An annual projection of South Carolina’s economy predicts the state will continue to see moderate growth into 2015, but not as strong as is typically expecting while recovering from an exceptionally powerful recession.
University of South Carolina economists Doug Woodward and Joey Von Nessen released their annual economic outlook for the state on Wednesday. The outlook predicts that job creation will grow at 1.9 percent next year, roughly equivalent to the 2 percent reported so far in 2014. However, they agreed South Carolina’s economy was the strongest it had been since the housing market crashed in 2008.
“It’s moderate growth,” Woodward told reporters while revealing the pair’s findings. “It’s not as robust as we’ve seen in previous expansions in the 1990s and earlier in the 2000s. At this stage in the business cycle, we usually see stronger growth across all sectors.”
“South Carolina has hit its stride in 2014. We expect that to continue,” Von Nessen . “If you like 2014, you will like 2015 too.”
The report is released each December at the start of the annual Economic Outlook Conference at USC. The 34th edition of the largest event of its kind in the state will be held at the college’s business school on December 16.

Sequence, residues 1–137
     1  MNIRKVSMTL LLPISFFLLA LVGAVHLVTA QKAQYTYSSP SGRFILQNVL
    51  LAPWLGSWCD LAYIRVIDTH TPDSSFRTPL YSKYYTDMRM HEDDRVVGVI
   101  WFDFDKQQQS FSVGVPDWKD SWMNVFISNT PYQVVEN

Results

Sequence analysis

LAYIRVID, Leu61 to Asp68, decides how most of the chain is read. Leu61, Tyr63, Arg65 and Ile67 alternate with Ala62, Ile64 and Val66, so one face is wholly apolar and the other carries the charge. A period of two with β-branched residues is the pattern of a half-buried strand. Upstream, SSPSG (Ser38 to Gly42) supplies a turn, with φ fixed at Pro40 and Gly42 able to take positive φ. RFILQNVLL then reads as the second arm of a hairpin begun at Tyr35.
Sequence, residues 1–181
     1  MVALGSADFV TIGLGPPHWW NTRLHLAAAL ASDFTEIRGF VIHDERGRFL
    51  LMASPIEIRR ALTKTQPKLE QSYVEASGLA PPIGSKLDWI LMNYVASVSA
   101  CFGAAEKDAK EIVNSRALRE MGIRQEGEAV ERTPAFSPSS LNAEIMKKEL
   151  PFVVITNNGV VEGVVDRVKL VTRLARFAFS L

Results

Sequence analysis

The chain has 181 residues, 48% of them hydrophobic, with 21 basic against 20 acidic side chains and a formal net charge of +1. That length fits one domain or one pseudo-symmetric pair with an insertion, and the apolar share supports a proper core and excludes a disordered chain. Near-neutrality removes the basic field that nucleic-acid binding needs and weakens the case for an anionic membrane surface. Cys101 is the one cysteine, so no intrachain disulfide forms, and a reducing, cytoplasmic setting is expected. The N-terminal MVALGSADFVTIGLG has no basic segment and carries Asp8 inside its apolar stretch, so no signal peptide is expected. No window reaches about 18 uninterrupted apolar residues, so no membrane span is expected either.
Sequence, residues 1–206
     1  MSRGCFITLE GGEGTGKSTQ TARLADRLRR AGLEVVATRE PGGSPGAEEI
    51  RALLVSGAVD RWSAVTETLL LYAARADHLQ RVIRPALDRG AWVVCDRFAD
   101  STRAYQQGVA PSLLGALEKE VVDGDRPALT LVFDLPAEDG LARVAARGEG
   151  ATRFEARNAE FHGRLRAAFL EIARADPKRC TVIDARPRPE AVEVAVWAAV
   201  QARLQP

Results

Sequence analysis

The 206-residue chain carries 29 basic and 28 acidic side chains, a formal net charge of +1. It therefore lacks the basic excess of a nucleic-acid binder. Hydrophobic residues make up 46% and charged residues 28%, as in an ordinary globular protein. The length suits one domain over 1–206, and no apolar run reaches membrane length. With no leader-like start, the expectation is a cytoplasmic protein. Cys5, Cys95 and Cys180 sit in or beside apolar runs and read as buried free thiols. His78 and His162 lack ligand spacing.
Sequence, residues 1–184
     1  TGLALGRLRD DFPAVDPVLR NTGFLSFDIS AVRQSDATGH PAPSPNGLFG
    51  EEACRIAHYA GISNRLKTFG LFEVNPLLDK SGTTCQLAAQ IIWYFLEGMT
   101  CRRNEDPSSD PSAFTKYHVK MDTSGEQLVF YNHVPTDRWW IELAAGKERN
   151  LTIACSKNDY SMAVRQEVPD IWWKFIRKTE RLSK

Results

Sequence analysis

The economists did warn that incomes in South Carolina are still rising at just 1.8 percent, slower than the national average. Von Nessen said there were several factors likely causing the lag in income growth, including a relatively-high unemployment rate that makes it difficult for employees to negotiate pay raises. He added that an increased reliance by manufacturers and distributors on staffing services means a higher level of part-time work than in a fully-employed economy.
“That’s what has been unique about this (economic) expansion,” he said. “In 2014… we’re seeing more reliance on employment services. That’s one of the reasons that we’re seeing lower income levels overall and lower wages.”
But Woodward noted that consumers are still better positioned in South Carolina when compared to recent years, as inflation remains low and gas prices have decreased dramatically.
The pair predicted tourism-based job growth would be the biggest factor in South Carolina’s jobless rate declining by a half-percentage point in 2015. Woodward said explosive manufacturing hiring has given way to other jobs sectors in the past year. However, he noted South Carolina has comparatively few jobs in the two sectors experiencing the largest wage increases during the recovery — energy and information technology.
South Carolina saw a large decline in its unemployment rate this spring, dropping below the national average at one point. But the rate gradually ticked back up again over the summer, as
Myrtle Beach had the strongest jobs and housing growth of any region in the state this past year, which Von Nessen said was helped by better tourism numbers and improved market for second homes. Columbia was the laggard, experiencing only a 1 percent increase in employment (compared to 4 percent for Myrtle Beach and 3.5 percent in the Augusta region) and a decline in residential building permit. Von Nessen said a heavy reliance on government jobs keeps the city’s economy stable during a downturn, but also prevents it from experiencing the private-sector-buoyed growth on the coast.